I don’t think so. I will kindly ask if the organizing team, if they can actually notify me in case that happens. I’d be happy to provide the space for her to talk. But while she doesn’t connect, I would like to already jump into our kind of questions. I guess as I foresaw, at the beginning of the discussion, we’re covering different complementary and kind of sometimes even different perspectives of the implementation of 5G. Be it from the operate or perspective, user perspective, or be it from a more strategic perspective of actually out lining and implementing a political and strategic agenda in this case for the European Region. So I guess my cross‑cutting question to all of you, which is the question of the moment, right? Which I think is what is the particular impact? I think you mentioned briefly in your talks, but how do you see the impact of COVID‑19 with all of – you know, many populations and many, you know, many people really needing to immediately migrate to online environment being you know different services, having to migrate online. In a faster way. What do you see the impact? How do you see the impact of COVID‑19 in actually the implementation of 5G in ensure, say from Achilleas’ perspective if the goal of 2030 is met, an impact in that sense? From Amelia, what is the impact of the forced push online? It is not just about connectivity. It is not just about being online or just about having access to network services. It is also about ensuring that there is kind of another discussion coming together and we are taking seriously the standards that are built in, baked into the technologies. I think also from the perspective, perhaps of Theo, just kind of trying to understand the operator side. You know, the implementation of the technology and ensuring from an Ericsson perspective, what was the perceived impact of COVID‑19 in this discussion? Because if I am not mistaken the study that he mentioned, it was published before COVID or during COVID. So it would be great to hear you all on that. Then I will ask another series of questions. I will leave it there. Um... yes.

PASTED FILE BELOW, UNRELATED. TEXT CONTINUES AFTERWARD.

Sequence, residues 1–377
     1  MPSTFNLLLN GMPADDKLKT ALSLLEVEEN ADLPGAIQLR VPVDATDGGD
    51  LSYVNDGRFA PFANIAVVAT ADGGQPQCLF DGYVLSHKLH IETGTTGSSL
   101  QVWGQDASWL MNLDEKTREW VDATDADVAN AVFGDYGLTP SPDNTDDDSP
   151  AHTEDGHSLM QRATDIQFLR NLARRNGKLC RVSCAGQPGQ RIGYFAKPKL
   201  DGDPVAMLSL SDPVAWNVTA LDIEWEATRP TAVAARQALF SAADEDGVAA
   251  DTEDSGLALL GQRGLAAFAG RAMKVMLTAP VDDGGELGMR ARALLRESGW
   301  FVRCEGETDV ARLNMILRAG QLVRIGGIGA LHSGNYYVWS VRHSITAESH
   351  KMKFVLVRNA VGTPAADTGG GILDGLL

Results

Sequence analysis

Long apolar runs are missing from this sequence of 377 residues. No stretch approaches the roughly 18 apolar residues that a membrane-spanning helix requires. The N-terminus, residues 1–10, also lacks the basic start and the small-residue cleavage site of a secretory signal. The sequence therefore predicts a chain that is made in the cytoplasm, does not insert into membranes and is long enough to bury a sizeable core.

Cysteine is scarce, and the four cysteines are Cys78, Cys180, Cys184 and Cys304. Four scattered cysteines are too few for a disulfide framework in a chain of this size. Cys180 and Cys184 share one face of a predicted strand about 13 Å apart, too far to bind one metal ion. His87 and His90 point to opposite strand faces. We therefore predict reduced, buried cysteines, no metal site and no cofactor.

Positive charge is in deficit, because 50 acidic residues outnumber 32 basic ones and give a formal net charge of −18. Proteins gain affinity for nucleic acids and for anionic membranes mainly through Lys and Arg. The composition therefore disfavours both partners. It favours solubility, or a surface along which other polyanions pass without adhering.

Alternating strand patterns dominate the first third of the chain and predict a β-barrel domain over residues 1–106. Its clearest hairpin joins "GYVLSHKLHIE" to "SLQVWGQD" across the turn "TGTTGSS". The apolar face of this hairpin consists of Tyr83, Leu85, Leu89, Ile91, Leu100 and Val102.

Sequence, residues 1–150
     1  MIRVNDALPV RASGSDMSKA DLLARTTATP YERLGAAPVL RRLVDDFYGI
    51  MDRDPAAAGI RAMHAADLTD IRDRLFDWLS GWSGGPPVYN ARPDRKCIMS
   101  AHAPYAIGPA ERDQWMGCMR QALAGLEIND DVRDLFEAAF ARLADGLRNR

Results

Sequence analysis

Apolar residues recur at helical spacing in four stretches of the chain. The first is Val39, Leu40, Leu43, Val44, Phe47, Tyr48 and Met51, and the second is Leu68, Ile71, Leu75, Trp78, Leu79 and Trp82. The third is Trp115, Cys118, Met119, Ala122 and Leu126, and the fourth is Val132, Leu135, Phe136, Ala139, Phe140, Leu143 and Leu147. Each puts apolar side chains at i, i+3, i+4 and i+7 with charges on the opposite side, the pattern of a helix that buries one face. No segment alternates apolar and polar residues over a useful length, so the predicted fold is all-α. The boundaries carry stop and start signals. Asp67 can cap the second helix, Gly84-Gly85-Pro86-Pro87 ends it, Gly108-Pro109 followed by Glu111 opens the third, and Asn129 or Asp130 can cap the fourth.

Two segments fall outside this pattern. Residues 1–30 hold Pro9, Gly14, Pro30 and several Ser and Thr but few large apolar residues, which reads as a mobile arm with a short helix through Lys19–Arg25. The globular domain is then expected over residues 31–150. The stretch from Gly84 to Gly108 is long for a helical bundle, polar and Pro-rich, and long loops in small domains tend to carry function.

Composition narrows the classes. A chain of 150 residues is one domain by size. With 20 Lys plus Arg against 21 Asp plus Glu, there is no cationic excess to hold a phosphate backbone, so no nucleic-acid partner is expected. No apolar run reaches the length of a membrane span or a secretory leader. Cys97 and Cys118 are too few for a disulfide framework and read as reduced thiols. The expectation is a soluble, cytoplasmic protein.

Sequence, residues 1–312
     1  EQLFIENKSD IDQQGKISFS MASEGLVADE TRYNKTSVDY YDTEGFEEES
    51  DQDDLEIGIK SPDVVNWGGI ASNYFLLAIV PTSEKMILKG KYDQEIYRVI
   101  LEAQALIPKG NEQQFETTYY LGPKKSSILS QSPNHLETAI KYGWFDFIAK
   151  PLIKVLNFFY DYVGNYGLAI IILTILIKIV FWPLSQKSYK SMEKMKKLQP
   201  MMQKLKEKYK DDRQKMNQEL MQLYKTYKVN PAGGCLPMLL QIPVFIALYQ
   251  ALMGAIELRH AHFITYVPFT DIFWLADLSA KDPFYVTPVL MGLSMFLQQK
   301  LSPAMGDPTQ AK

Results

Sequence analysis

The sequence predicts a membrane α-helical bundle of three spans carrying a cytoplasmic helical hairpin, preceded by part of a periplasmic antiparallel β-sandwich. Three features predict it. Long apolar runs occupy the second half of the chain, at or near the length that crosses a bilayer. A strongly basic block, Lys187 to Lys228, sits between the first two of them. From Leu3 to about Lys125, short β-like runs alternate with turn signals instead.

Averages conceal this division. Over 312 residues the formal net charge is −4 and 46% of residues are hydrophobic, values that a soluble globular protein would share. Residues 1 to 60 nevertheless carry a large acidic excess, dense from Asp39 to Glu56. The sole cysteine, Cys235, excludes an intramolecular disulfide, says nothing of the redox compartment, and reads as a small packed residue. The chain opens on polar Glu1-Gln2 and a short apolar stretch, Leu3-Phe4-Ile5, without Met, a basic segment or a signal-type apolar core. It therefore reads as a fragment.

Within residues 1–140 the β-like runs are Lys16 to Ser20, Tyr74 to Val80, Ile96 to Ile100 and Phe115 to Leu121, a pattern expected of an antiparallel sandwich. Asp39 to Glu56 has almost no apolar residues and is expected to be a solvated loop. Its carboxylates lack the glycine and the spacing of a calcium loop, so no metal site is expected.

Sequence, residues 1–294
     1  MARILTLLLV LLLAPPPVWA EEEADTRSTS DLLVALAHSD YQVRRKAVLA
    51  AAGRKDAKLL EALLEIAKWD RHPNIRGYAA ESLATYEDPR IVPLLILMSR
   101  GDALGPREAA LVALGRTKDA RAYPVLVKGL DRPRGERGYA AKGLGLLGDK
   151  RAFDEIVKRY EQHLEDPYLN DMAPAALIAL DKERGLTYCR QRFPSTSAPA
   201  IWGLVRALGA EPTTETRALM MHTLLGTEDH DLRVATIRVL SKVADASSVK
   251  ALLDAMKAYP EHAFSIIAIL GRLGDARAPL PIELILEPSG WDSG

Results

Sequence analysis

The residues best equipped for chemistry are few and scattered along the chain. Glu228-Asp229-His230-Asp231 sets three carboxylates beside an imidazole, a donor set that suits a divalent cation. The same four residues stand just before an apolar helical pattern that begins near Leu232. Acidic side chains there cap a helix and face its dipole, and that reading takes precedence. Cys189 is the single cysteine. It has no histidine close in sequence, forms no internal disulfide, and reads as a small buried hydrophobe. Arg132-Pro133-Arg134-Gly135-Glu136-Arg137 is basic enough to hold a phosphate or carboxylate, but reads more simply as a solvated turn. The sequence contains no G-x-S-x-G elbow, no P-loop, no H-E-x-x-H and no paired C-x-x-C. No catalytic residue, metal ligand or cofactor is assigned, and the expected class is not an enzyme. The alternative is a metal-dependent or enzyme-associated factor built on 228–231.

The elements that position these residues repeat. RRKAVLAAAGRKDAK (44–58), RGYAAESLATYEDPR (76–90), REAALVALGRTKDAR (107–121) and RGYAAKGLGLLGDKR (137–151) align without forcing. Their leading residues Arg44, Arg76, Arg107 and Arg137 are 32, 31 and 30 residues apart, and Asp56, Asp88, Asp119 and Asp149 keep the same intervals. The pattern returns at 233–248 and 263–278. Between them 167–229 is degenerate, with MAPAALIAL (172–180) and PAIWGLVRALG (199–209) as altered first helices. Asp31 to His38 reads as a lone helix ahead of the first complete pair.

>> Amelia Andersdotter: Can you give us the order of interventions.

>> MODERATOR: We’ll go the same order of the panel.

>> Achilleas Kemos okay. Thank you. For us, what we see is the digitalization is accelerating. We have to adopt that. The 5G Action Plan had already in the way targets. We can say if they are ambitious or trying in a way to get Member States going like in a way having already the first implementation in the 5G every Member States by 2018‑2020 having a full deployment by 2025 across the main roads and so on. But we have seen the way that now the pandemic modified in the way that we work in a big extent, the way that many things happen now that they are digital. Clearly there is an acceleration. And this is, in a way, something that in Europe, we tried to do it in a way that it is simply not just a higher speeding away. But it is occupying in a way all to services in a way or the verticals as we say, in a way that it interacts with the various industrial sectors. Like industry. Like health. Like transportation. Intelligent mobility. So also, n it is in the way the new parameter taking cybersecurity much more into account. So this is also in a way the part of our strategy to maintain and pursue to having a living position in 5G and 6G research. But increase and accelerate deployment so that there is this opportunity for European economy and society to take advantage of this digitization and 5G in particular.

>> MODERATOR: Amelia?

>> Amelia Andersdotter: I’m trying to look a bit at the chat at the same time. So going back. Firstly, the impact of COVID, I think what we saw in the beginning of the COVID pandemic when a lot of people started working at their homes is we don’t in general have an issue with the mobile infrastructure network. We have a problem with the wired infrastructure that runs between the base stations. There is sometimes we tonight have a problem with the Internet exchanges. But there are some Member States where there has been persistently underinvestment in wired infrastructure for the past 20 or 30 years because telecommunication operators are seeking on the old infrastructure and they had on the countryside some issues with connectivity. Pie and large the infrastructure is extremely good. We have good connectivity there is investment, there is strategies set forth by the telecommunications framework of 1997 has been working where implemented. I think Europe is in a good position to supply the kind of end‑to‑end type of architecture that the Internet foresees. And 5G technology somehow move mobile technologies closer towards. Because this is also part of the mobile network evolution. The mobile network started out very monolithical. The centralized Behemoths that were modelled on the old telecom networks from the 1920s and now throughout 3G, 4G, and now 5G we’re seeing the Internet‑ification of mobile networks that I think ultimately serves interests of the consumers.